Editor’s Note: This post was written for the Fantasy Courts website and newsletter.
This Week at the SCC
- The Supreme Court of Canada is releasing its decision in R v RV about inconsistent jury verdicts on Friday.
- The jury convicted the accused of sexual interference and invitation to sexual touching, but acquitted him of sexual assault.
- A five-judge panel of the Ontario Court of Appeal was split 3:2 in this case. The majority entered acquittals because the verdicts could not be reconciled.
Preview of R v RV
On Friday, March 12, 2021, the Supreme Court of Canada is releasing its decision in R v RV. This is a relatively quick decision, given that the appeal was only heard in November. At issue are inconsistent jury verdicts and what an appellate court should do to fix them.
At trial, the respondent, RV, was convicted of sexual interference and invitation to sexual touching but acquitted on a charge of sexual assault based on the same evidence. The respondent appealed the two convictions. The appellant Crown cross-appealed the acquittal on the charge of sexual assault on the basis that the inconsistency in the verdicts was explained by confusing jury instructions, which led the jury to believe the force required for sexual assault was different than the touching required for sexual interference and invitation to sexual touching.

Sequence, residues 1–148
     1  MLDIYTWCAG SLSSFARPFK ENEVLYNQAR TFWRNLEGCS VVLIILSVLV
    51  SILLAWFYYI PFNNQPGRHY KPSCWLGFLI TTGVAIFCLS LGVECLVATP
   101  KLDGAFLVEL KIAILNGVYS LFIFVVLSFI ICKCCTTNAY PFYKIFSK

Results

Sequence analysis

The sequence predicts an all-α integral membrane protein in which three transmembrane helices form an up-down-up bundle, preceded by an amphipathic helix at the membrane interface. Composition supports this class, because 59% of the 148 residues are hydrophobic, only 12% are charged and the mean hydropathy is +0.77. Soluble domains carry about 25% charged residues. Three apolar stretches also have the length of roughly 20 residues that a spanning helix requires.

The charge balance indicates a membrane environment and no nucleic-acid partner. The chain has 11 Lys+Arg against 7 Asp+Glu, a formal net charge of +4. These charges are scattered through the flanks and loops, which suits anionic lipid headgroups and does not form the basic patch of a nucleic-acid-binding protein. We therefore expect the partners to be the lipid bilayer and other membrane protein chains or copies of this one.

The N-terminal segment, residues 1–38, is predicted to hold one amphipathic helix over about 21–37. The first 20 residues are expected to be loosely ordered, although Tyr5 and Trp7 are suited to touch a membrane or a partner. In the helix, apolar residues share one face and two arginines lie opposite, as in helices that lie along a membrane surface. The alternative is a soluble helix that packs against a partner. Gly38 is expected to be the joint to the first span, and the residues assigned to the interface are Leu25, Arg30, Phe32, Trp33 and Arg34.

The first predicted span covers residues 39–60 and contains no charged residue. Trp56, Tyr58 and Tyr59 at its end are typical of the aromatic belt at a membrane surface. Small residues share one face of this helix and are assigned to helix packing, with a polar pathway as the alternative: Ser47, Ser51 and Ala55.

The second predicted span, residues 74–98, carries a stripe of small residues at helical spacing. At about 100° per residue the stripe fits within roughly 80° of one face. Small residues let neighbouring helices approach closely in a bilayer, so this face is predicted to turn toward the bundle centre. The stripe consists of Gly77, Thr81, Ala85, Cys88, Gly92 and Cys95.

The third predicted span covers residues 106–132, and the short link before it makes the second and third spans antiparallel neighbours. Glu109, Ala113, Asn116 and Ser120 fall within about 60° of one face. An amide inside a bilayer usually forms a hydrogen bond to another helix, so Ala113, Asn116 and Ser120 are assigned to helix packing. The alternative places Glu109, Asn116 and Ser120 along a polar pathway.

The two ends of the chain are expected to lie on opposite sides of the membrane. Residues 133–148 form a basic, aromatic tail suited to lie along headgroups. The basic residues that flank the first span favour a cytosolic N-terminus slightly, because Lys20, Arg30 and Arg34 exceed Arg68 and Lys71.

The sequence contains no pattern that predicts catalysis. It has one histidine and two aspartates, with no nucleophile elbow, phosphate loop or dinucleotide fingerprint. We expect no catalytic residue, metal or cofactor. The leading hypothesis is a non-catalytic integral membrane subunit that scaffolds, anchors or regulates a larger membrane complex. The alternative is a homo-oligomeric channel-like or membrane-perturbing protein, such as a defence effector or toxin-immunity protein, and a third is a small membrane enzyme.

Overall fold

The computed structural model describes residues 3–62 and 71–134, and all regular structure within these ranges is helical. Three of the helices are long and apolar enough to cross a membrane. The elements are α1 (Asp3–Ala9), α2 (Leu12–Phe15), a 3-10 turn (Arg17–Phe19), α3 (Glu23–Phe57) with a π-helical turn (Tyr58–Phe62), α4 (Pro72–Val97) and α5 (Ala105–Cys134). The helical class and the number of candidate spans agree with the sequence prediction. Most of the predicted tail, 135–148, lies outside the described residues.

A majority of a panel of five judges at the Court of Appeal allowed RV’s appeal, quashed the two guilty verdicts and directed that verdicts of acquittal be entered because the alleged confusing instruction to the jury on sexual assault could not reconcile the verdicts and they therefore had to be set aside. The majority also dismissed the Crown’s cross-appeal on the acquittal. In dissent, Rouleau JA (with Miller JA concurring), would have allowed RV’s appeal and the Crown’s cross-appeal and ordered a new trial on the three charges. The dissent found there was an error of law in the jury instructions and explained that where both the conviction and acquittal are appealed and the inconsistent verdicts are a result of a confusing charge that in fact confused the jury, a new trial is the appropriate disposition.
Before the SCC, the Crown’s argument was similar to the dissenting judgment at the ONCA. The Crown argued that the trial judge should have given an “all or nothing” jury instruction and the charge was riddled with mistakes and inconsistencies which had a cumulative effect of confusing the jury. It further argued that where an appellate court allows a Crown’s cross-appeal against acquittal because of an inconsistent verdict, the correct disposition is to dismiss the conviction appeal.
The respondent urged the Court to follow its decision in R v JF, 2008 SCC 47. It would not be appropriate to order a retrial where there is an acquittal in place that would be inconsistent with a conviction at the retrial. Accordingly, the Crown must be successful on an appeal of an acquittal in order to secure a new trial on all counts.
At the hearing, the Court was critical of the Crown overcharging and not whittling down the charges to avoid the confusion that arose in this case. Yet, I felt a majority of the bench was on board with the Crown’s argument that there should not be acquittals on all three charges in this case. I’m leaning towards appeal allowed.
Start of Season 6
This week’s appeal decision marks the start of season 6 of Fantasy Courts. All points and streaks have been reset, so you can start with a clean slate. We’ll likely run it for about 15 or so appeals, and hopefully, there will be a natural break in the summer to end the season when the SCC takes its recess. Don’t forget to share it with your friends, and good luck with your predictions!